Home How To Guide Training Back exercises 🔥HOW TO DEADLIFTS FOR LOWER BACK PAIN

🔥HOW TO DEADLIFTS FOR LOWER BACK PAIN

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⭕️DEADLIFTS FOR LOWER BACK PAIN?⭕️ 🎅🏻XMAS SPECIAL🎅🏻

✳️ Probably the last thing that would come to your mind would be deadlifting when experiencing any sort of back pain related to strength training. And I get it, I understand where you come from.
💥 But.. what if I told you that they might actually be your best choice to treat it?
When performed well, deadlifts are one of the greatest exercises to strengthen your back muscles.

HOW TO DEADLIFTS FOR LOWER BACK PAIN
HOW TO DEADLIFTS FOR LOWER BACK PAIN

Welch et al., published a study looking at the effects of a 16-week free-weight resistance training routine on patients with lower back pain for greater than 3 months in duration. They included a lot of exercises we would traditionally see in strength & conditioning programs (and much less frequently seen in physical therapy and chiropractic clinics) such as deadlifts, goblet squats, lunges, planks, and step ups.
They also had individuals lifting loads between their 6 and 10 rep maxes (YES!!! No 2lb ankle weight leg lifts, useless clam shells, or TA activation work). Any psychological beliefs around pain were also addressed in this study. –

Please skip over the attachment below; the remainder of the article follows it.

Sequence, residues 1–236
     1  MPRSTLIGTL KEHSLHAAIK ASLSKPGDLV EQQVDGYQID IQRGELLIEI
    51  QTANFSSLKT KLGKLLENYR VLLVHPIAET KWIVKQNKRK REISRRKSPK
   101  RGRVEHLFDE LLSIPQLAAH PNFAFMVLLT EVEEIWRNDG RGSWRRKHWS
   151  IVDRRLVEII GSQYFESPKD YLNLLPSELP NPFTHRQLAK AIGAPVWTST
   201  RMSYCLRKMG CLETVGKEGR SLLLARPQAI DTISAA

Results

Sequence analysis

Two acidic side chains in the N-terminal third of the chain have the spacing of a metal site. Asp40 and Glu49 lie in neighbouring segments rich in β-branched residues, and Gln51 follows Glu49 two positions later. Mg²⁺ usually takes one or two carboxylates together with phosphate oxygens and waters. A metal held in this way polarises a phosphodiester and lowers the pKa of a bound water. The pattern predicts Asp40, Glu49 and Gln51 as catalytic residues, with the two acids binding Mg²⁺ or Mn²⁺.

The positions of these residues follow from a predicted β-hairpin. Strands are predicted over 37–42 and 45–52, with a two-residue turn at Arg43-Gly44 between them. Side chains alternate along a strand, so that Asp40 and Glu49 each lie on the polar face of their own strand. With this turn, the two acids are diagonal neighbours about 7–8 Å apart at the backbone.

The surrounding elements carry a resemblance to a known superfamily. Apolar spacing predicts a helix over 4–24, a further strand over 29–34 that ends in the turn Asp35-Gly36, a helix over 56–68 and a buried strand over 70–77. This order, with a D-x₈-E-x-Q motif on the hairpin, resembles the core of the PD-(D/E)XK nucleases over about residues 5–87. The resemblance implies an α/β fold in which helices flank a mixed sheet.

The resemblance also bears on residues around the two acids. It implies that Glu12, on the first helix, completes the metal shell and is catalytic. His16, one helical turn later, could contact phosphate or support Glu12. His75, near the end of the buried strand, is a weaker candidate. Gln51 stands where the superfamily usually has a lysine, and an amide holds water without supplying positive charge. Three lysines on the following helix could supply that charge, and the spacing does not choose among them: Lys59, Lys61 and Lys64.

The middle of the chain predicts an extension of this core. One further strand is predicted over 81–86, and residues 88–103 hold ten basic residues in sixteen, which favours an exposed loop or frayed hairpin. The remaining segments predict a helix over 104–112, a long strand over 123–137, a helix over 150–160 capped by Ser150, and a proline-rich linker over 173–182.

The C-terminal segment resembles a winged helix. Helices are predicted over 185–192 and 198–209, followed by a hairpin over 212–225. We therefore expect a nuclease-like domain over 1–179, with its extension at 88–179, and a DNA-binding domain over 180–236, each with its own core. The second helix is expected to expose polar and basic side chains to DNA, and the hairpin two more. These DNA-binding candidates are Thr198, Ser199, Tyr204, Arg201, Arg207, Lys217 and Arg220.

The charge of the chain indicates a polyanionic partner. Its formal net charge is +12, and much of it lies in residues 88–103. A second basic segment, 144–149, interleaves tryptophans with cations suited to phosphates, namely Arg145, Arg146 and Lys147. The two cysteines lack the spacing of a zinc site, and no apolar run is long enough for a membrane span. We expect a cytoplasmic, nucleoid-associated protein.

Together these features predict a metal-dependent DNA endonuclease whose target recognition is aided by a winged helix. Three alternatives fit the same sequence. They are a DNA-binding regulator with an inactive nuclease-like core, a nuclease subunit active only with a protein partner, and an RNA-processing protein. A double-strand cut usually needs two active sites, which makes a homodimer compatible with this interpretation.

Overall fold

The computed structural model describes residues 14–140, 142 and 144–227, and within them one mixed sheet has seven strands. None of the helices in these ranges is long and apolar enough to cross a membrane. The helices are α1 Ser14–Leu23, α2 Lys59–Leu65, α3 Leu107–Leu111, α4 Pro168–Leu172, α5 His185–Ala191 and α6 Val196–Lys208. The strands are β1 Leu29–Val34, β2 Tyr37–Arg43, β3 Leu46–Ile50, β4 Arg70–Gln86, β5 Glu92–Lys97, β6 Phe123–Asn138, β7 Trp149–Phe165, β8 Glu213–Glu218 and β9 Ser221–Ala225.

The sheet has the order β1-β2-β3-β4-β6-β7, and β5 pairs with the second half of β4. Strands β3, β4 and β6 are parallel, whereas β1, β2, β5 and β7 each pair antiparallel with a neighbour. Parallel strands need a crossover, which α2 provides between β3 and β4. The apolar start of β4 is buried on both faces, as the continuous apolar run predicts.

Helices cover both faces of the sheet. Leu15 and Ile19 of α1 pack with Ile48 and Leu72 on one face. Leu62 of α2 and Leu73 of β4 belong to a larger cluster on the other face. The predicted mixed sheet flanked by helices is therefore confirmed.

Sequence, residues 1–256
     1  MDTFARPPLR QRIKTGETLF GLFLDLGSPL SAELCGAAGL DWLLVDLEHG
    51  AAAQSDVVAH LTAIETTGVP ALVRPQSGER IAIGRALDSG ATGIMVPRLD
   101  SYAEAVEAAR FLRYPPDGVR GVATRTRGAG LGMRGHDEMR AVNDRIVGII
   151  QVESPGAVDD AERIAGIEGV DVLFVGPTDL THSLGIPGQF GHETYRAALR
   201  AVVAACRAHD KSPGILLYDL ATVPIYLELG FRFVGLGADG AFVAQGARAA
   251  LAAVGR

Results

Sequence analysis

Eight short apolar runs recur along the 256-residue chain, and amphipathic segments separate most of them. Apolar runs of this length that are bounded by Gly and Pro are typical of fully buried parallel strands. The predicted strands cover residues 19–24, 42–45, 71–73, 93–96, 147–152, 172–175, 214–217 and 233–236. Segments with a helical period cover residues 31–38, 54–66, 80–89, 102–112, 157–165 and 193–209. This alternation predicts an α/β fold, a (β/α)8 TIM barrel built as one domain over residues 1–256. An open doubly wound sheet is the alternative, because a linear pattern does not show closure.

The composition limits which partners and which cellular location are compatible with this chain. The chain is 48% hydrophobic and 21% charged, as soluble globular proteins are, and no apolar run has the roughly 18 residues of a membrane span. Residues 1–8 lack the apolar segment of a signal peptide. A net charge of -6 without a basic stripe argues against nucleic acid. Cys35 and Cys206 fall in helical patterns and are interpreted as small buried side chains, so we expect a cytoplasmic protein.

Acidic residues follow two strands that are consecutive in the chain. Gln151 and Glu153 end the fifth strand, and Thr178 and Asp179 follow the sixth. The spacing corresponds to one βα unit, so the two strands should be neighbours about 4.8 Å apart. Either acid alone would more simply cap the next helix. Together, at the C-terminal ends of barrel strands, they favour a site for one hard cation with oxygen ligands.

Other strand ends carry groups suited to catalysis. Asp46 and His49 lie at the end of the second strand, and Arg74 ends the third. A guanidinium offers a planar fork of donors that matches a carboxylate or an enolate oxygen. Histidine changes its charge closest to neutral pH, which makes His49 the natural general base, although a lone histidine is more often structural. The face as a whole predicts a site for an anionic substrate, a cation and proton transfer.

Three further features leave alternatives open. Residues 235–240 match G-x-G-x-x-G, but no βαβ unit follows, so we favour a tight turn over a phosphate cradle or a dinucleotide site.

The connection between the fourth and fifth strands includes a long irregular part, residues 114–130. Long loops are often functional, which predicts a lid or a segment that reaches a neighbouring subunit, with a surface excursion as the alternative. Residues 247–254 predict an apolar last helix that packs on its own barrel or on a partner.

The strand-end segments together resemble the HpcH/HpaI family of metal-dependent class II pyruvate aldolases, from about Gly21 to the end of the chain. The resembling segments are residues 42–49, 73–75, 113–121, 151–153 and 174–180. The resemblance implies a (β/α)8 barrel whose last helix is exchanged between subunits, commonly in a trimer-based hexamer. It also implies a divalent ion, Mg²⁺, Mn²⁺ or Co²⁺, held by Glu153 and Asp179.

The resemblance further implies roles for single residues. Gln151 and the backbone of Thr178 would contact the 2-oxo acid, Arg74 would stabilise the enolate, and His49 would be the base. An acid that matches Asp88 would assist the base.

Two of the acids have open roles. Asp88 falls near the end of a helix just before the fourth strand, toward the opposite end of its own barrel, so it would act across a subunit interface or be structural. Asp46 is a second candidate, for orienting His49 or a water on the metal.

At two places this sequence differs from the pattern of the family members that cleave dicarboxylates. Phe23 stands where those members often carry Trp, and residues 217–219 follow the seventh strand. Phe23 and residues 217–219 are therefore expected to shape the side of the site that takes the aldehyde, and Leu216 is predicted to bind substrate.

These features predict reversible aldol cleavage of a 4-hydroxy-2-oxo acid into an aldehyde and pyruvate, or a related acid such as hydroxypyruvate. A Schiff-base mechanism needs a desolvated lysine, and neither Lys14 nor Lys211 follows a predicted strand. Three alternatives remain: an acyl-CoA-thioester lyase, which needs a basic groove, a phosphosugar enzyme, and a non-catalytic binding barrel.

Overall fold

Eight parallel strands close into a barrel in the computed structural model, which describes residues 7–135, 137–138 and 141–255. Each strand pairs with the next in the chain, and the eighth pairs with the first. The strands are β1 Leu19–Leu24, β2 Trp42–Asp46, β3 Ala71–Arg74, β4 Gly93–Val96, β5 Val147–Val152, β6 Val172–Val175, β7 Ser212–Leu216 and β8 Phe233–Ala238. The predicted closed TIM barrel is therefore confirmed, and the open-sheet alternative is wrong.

So what did they see? Significant improvements in fatty infiltrate of the lumbar muscles, a 72% decrease in pain scoring, 76% improves in disability measurements, and increases in quality of life assessments!

Another study conducted by the University of Waterloo set out to determine how much low-back flexion deadlifting caused, and thus how much strain it put on the vertebrae and lumbar ligament (as there were many claims that the lift put these things under tremendous strain, which could lead to injury).
Researchers used real-time x-ray imaging (fluoroscopy) to watch the spines of elite powerlifters while they fully flexed their spines with no weights, and while they deadlifted over 400 pounds. With the exception of one trial of one subject, all men completed their deadlifts within the normal range of motion they displayed during full flexion. Ligament lengths were unaffected, indicating that they don’t help support the load (since muscles are responsible for it), but instead limit range of motion.

While bad deadlifts are BAD, proper deadlifts SHOULD be included when treating lower back pain.

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